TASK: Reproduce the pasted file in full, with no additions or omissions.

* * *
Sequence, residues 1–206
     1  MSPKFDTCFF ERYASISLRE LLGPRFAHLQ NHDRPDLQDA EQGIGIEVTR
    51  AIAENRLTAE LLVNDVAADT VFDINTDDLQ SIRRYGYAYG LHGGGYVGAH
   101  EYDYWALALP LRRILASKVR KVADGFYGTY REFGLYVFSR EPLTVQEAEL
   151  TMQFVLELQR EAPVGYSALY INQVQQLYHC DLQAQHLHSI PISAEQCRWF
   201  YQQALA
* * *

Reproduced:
Sequence, residues 1–206
     1  MSPKFDTCFF ERYASISLRE LLGPRFAHLQ NHDRPDLQDA EQGIGIEVTR
    51  AIAENRLTAE LLVNDVAADT VFDINTDDLQ SIRRYGYAYG LHGGGYVGAH
   101  EYDYWALALP LRRILASKVR KVADGFYGTY REFGLYVFSR EPLTVQEAEL
   151  TMQFVLELQR EAPVGYSALY INQVQQLYHC DLQAQHLHSI PISAEQCRWF
   201  YQQALA